This new edition is the product of a collaboration between a Germanist and a philosopher who is also a Nietzsche scholar. The translation strives not only to communicate a sense of Nietzsche’s style but also to convey his meaning accuratelyand thus to be an important advance on previous translations of this work. A superb set of notes ensures that Clark and Swensen's Genealogy will become the new edition of choice for classroom use.
About the Author
Maudemarie Clark is Professor of Philosophy, Colgate University. Alan J. Swensen is Associate Professor of German, Colgate University.
Table of Contents
Acknowledgements and a note on the text; A note on the revised edition; Editor's introduction: On Nietzsche's critique of morality; Chronology; Guide to further reading; Biographical synopses; On the Genealogy of Morality; Supplementary material to On the Genealogy of Morality; 'The Greek State'; 'Homer's Contest'; Index of names; Index of subjects.
Most Helpful Customer Reviews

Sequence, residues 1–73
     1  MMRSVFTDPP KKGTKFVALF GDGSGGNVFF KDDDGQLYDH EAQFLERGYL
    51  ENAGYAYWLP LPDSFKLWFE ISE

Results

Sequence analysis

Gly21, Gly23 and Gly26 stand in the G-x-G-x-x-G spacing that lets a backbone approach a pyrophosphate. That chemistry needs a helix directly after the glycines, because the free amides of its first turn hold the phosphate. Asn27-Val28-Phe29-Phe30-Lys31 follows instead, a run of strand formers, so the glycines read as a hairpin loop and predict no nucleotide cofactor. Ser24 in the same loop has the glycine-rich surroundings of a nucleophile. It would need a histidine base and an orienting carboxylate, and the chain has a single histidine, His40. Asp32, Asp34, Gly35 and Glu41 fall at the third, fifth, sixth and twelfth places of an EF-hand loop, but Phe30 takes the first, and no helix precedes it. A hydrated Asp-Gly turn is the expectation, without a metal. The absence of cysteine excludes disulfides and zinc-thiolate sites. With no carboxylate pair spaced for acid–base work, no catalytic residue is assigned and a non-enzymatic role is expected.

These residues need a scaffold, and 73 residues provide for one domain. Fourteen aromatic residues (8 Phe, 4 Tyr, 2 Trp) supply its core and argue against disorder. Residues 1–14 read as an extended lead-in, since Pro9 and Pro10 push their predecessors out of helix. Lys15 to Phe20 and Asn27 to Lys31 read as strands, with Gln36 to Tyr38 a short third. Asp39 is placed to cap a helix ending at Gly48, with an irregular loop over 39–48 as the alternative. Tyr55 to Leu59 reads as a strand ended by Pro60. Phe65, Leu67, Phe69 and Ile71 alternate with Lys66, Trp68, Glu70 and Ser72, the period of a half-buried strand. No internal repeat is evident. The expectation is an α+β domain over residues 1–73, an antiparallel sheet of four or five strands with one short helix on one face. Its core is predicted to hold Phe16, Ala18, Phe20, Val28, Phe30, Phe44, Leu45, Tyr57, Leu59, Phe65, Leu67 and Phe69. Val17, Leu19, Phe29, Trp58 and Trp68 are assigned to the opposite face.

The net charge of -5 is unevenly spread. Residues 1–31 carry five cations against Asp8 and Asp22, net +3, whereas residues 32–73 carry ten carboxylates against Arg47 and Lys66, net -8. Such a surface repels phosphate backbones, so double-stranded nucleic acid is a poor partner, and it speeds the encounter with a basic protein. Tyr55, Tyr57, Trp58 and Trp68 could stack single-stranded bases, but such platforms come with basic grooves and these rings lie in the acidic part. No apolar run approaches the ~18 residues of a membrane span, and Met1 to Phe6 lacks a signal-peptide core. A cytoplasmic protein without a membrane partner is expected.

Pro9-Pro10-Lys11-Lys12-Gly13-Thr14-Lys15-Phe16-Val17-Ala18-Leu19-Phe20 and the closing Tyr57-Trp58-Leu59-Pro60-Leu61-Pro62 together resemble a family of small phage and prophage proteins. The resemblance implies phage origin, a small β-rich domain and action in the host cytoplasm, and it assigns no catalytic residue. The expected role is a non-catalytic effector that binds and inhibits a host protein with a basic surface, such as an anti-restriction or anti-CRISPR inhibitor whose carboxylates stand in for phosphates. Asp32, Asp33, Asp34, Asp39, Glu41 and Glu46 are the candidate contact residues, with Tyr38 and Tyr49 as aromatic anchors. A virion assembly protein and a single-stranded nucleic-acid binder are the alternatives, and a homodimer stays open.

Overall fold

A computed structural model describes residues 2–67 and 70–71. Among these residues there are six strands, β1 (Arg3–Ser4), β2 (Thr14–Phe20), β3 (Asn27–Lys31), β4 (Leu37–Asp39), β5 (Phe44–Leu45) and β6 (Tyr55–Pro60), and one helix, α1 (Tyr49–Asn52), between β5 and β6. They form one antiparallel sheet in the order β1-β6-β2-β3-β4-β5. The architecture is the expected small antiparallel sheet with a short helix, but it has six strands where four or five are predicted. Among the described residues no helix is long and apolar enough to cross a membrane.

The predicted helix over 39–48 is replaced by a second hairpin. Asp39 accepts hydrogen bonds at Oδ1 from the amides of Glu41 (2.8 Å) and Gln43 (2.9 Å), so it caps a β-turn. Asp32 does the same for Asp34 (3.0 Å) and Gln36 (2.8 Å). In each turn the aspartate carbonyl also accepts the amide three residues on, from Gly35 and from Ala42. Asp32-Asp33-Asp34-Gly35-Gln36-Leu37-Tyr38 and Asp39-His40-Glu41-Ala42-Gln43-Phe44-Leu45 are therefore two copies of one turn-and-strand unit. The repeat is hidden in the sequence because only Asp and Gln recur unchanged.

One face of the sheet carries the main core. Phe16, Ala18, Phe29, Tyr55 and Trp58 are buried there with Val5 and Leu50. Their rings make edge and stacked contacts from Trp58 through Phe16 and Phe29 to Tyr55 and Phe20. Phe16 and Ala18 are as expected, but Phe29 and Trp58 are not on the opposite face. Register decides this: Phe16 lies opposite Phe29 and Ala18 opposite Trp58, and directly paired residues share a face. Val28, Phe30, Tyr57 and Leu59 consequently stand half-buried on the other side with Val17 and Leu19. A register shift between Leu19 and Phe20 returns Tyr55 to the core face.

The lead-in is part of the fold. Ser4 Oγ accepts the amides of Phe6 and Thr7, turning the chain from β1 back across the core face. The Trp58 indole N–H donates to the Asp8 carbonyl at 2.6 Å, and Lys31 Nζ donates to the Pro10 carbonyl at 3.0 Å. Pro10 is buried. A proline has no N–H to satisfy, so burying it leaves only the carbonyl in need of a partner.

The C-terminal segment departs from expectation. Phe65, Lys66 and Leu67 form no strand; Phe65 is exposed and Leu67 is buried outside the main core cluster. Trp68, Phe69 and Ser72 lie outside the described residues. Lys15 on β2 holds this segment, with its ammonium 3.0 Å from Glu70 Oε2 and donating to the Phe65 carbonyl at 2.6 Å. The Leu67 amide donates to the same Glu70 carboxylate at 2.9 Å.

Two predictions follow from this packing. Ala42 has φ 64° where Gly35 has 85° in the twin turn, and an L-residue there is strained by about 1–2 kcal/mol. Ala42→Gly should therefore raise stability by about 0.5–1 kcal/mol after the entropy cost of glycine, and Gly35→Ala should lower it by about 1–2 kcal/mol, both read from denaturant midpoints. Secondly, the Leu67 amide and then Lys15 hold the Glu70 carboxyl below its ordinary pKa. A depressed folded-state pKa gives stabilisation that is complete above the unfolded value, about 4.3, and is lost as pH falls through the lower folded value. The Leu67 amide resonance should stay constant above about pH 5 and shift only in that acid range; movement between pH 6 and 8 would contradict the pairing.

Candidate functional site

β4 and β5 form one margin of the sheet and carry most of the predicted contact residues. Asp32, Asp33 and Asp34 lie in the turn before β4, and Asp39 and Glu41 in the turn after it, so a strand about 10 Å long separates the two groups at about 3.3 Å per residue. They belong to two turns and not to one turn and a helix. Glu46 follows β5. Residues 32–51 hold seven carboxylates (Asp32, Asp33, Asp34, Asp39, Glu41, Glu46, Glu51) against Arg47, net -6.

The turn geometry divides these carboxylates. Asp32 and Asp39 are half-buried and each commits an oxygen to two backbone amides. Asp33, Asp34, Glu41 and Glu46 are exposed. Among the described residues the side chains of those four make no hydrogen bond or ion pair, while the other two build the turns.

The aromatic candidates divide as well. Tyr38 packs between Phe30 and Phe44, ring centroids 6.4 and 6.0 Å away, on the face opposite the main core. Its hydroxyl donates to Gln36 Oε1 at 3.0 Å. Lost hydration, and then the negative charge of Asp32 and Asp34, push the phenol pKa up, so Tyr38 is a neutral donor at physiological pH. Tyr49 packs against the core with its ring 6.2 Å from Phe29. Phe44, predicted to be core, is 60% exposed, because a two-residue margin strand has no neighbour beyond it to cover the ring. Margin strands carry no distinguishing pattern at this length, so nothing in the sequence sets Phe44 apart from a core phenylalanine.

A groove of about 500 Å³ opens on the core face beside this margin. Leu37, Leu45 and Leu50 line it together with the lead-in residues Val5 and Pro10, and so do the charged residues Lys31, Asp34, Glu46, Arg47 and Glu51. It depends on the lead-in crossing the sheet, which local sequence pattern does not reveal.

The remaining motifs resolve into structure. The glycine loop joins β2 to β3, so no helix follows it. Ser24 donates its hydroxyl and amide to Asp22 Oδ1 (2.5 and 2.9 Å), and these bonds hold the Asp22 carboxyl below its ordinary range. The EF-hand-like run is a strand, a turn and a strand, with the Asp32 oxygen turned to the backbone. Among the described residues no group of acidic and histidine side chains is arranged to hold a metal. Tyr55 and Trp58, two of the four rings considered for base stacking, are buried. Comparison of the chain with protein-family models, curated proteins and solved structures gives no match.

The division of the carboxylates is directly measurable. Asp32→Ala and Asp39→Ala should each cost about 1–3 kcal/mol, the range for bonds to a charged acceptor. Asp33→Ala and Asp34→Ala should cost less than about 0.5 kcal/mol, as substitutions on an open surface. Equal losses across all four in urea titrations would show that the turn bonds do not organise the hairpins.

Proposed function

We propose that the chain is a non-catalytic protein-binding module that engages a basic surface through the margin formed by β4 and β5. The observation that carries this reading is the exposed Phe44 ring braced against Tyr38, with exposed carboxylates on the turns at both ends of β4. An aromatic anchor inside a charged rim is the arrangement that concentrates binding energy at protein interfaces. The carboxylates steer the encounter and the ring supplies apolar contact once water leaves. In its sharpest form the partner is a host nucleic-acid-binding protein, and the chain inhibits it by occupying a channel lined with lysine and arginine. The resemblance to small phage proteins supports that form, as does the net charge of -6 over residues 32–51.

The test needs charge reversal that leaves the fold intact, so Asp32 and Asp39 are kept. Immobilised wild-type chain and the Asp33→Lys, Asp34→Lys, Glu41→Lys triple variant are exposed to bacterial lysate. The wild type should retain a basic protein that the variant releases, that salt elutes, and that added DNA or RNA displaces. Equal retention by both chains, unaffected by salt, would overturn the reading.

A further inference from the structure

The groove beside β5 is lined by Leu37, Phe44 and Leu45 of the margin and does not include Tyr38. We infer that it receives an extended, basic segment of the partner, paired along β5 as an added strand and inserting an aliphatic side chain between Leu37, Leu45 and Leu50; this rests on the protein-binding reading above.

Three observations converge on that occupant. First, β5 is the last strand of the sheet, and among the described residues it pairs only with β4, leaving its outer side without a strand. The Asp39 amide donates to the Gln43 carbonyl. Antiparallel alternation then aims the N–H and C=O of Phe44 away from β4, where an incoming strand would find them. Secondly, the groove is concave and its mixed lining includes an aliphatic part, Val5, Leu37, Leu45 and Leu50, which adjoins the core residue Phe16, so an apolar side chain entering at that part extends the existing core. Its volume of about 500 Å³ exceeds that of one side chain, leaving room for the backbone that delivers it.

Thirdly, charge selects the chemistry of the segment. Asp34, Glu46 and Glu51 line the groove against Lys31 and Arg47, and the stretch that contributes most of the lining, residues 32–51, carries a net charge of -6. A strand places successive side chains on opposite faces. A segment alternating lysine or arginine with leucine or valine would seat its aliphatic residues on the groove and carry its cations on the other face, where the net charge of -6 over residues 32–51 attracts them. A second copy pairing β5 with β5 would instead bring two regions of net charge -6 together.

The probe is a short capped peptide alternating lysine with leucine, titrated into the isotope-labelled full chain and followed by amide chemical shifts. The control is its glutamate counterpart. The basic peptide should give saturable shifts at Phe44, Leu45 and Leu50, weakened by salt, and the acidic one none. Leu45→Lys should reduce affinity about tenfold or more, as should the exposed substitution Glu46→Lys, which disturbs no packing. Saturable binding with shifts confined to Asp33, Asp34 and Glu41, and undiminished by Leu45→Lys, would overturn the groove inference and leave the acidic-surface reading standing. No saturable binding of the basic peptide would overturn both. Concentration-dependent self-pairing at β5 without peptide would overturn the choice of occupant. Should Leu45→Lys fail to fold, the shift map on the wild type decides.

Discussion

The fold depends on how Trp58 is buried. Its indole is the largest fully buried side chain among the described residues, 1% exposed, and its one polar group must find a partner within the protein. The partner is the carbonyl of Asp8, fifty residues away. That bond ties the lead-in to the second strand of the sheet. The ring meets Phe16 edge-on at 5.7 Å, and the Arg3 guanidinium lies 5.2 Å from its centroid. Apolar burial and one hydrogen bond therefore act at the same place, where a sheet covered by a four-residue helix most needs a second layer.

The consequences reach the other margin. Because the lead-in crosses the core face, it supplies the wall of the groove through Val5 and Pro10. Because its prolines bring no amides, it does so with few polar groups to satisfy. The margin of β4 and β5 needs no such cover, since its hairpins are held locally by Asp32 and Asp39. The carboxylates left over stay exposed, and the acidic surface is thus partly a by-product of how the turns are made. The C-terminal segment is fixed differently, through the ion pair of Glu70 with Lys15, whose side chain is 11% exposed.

Of all the books by or about Nietzsche, I think this particular edition of the Genealogy would be the best place for the novice to start. The introduction by Clark (a very well regraded Nietzsche scholar) is excellent and provides a workable framework for interpreting a text (and an author) that can often be difficult to decipher. The scholarly apparatus is exhaustive; the editors provide end notes that cover nearly every page in the original text and help the reader to make sense of Nietzsche's sometimes unclear allusions and provide voluminous biographic and bibliographic detail covering both Nietzsche and the interlocutors he mentions in the text (as well as a few he merely alludes to). As for the text itself, I think it is notable primarily for the genealogical analysis of the concepts of good/right-bad/wrong and for a glimpse of Nietzsche's "perspectivalist" epistemology in the third section. These views have been highly influential (although not among philosophers as such) over the past century and anyone that wishes to understand the course and trajectory of 20th century thought should be aware of them. Nietzsche is a master stylist, so the reading is fun as well as thought provoking.Of course, the central question, considering Nietzsche qua philosopher, is this: Does Nietzsche get thing right?I think it's pretty clear that the answer is "no". Although his castigation of scientific atheism as an extension (perhaps the highest extension) of religious asceticism shows depth and brilliance, he doesn't ever give us any solid arguments for thinking that truth itself hinges on particular standards of evaluation. Nietzsche seems to me to be skeptical of the idea of truth as correspondence (the standard view) because it situates truth outside of life. It makes truth something that transcends individual human beings. Perhaps this is true, and given Nietzsche's rejection of any and all transcendent things it makes sense that he'd want to reject truth conceived of in this way. What isn't clear is that he CAN do this, that is, that his view is warranted. The fact that the correspondence of theory of truth has implications that Nietzsche finds repulsive is no reason for thinking that it's false.Furthermore, without some notion of truth as correspondence, it's not clear that his earlier critique of moral concepts has any real bite.